An adorable children's winter story gently told with powerful lessons both for parents and their young ones.
Little Fox, Lost by Nicole Snitselaar, illustrations by Alicia Padrón
Translated by: Erin Woods
Published Sept 22, 2016
Hardcover, 32 pages
Content rating: G
Little Fox’s paw prints make such beautiful pictures in the newly fallen snow. Left here, right there, around that fallen branch—he scatters them throughout the forest until, too late, he finds he can’t retrace his steps back home. Lost and afraid, Little Fox wants to agree when a kind, old owl offers to fly ahead and guide him. But Mama Fox has warned him often: “If ever you are lost, my child, / don’t let a stranger guide you. / Be still and I will search the wild / until I am beside you.”
Reviewed by Laura Fabiani & Son
Little Fox and his mother come out of their den to go out for a walk on a sunny day after it had snowed all morning. Right from the beginning the setting in this book is perfect. A beautiful wintry day to explore the outdoors is what we as Canadians look forward to once fall is behind us. And what child can resist the lure of that sparkling snow in winter?
Little Fox is happy and his happiness is shown when he plays in the snow as his mother stops to chat with Mrs. Gray Fox. She tells him to stay close so he won't get lost. But Little Fox is full of wonder and he experiments with his footprints in the snow, bouncing about in different directions and sees the resulting pictures he's created. We can discern quickly that Little Fox is intelligent and loves to question and experiment. As is normal of any child, he inadvertently moves further away as he is caught up with what he is learning. It is at this moment that he realizes he is lost.
When Little Fox is found by an Old Owl who offers to help him, Little Fox remembers a song his mother sang to him about not following a stranger but instead staying still and waiting to be found. Both my son and I spontaneously broke into song as we read this part, making up out own version. This song appears several times throughout the text and we had fun singing it every time.
I love books that provide a song. Children seem to remember better when text is put to music. My son also likes drawings of foxes so he took to this story quickly. Little Fox is cute, with his pointy face and bushy tail. The illustrations are simple but adorable. They are in soft watercolor using soothing earth tone colors. Perfect for a gentle story for the young but with powerful lessons.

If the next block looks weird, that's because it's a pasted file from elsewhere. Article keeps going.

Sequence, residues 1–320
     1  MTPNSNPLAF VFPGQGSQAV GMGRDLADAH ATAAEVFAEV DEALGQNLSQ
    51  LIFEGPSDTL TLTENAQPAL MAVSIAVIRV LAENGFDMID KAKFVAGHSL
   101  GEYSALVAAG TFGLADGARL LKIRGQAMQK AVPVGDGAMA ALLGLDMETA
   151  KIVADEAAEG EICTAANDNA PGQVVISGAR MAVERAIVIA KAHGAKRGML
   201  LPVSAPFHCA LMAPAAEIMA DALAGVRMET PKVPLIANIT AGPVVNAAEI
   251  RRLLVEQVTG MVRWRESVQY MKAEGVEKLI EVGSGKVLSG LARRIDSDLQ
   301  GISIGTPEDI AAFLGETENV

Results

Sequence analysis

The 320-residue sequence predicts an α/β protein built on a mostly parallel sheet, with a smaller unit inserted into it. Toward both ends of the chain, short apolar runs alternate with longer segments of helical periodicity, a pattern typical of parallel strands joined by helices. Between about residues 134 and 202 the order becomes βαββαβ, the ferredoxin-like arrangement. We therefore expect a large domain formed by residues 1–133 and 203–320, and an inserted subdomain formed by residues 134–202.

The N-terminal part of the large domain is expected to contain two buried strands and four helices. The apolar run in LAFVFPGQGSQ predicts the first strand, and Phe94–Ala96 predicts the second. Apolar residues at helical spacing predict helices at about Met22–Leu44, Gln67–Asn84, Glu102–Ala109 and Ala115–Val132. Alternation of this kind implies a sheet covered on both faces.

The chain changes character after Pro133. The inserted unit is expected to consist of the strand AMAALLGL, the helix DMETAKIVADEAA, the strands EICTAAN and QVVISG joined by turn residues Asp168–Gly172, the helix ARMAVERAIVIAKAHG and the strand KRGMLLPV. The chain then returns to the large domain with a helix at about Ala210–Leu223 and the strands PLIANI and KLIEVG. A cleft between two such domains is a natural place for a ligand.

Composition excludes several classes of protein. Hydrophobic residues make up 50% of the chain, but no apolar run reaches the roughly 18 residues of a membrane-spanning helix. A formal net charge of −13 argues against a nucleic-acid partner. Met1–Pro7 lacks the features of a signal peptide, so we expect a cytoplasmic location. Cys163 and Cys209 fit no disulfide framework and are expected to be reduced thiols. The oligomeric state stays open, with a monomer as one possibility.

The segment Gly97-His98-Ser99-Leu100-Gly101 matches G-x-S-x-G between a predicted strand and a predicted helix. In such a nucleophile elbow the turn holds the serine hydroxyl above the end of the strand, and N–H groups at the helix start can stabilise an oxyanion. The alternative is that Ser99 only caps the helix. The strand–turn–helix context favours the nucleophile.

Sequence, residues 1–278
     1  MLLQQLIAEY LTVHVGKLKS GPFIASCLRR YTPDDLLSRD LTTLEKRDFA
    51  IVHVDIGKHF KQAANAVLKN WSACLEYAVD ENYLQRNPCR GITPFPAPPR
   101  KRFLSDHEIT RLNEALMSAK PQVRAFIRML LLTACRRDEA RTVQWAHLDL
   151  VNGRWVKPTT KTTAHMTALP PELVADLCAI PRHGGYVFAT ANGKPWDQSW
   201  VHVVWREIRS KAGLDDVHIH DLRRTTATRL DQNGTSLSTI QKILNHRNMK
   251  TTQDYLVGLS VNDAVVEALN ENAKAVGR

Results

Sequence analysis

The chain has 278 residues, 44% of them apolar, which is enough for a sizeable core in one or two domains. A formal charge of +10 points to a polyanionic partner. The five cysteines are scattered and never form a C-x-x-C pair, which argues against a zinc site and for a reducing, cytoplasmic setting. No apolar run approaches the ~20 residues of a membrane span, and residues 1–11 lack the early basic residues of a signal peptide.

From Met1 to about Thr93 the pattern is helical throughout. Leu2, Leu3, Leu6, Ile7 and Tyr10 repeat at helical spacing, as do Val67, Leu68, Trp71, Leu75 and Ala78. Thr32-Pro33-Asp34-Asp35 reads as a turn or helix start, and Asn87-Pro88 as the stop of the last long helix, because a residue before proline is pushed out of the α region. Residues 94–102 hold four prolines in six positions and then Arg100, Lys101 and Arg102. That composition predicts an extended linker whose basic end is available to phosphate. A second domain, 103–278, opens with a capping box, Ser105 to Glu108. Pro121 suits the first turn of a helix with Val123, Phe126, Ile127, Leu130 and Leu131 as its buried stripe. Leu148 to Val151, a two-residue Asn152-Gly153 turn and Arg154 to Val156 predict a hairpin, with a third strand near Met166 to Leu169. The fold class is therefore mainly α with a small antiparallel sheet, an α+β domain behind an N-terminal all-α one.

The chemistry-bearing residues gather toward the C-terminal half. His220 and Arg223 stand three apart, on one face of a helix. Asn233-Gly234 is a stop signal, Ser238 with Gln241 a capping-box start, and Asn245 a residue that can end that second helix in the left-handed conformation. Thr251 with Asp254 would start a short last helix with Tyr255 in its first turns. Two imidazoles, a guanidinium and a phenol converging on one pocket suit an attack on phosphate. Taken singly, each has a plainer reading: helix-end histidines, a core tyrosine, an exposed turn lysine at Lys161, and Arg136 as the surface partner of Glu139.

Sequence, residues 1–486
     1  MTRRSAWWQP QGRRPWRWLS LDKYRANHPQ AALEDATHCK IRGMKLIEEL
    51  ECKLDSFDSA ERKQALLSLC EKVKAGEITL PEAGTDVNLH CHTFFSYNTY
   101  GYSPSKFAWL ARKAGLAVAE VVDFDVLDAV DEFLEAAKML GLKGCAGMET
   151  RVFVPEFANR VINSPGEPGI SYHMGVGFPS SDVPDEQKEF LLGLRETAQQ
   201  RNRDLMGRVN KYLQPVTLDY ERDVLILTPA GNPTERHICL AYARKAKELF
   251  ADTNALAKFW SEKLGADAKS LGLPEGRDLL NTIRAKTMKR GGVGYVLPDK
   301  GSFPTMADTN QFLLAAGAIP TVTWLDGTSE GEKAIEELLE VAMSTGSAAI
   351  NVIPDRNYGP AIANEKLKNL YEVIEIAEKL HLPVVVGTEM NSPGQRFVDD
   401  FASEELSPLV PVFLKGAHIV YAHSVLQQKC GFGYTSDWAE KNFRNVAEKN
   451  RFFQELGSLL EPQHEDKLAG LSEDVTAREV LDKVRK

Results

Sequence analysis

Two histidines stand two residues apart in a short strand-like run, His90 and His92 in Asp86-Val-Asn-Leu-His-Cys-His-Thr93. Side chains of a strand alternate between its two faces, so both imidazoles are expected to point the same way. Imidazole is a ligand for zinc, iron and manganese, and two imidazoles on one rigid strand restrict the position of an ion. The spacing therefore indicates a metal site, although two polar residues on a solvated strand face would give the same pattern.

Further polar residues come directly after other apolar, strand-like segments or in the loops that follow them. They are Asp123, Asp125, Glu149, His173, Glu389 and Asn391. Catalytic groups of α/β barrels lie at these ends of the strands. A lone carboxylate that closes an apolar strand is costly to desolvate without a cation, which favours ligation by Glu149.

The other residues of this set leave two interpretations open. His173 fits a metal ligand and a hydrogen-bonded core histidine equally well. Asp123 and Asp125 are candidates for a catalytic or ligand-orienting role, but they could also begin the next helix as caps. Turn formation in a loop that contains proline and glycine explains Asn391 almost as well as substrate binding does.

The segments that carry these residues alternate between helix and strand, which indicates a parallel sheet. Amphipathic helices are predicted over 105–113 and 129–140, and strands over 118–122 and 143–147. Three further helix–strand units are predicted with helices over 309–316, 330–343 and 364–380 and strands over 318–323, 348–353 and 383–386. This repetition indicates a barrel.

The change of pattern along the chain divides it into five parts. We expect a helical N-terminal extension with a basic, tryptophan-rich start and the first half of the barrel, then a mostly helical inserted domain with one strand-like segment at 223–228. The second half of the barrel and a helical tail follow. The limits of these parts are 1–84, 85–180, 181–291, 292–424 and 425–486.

This book teaches four lessons: 1) for parents to always keep a watchful eye on their little one because it is very easy for them to wander off; 2) for parents to teach their children what to do when lost; 3) for children to stay in place and not follow a stranger, and 4) for children to use their skills to attract help, such as when Little Fox got the other animals in the forest to sing with him so their raised voices together would help his mother find him.
The translation from the original French version Petit renard se perd was well done. If the reader doesn't know it's translated, one can't tell that it is. The flow is good and the text appropriate for the age range. This book is an excellent addition to both a school and home library and could become a favorite, especially if a mother memorizes the song and sings it as she takes her child out with her on errands.
Disclosure: Thanks to Pajama Press for sending us this book for review. We were not compensated in any other way, nor told how to rate or review this product.
About the Authors and Illustrator
A mother of 5, Nicole Snitselaar spent the last 20 years writing and singing songs and nursery rhymes - both for her own children and on recorded albums. Seven years ago she branched out to writing books for children and has since published more than 39 in both French and English.
Erin Woods has been translating children's books since 2015, and has loved them all her life. She would like to thank her parents for forcing her into French Immersion, even though at five years old she was sure it was the end of the world—or at least her social life. Erin lives in Toronto, Ontario.
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The art caught my attention - I'd by the book based on the cover alone!ReplyDelete
This sounds like a great book and a wonderful way to open up a conversation with your child. I absolutely adore the cover illustration and assume the rest are just as gorgeous.ReplyDelete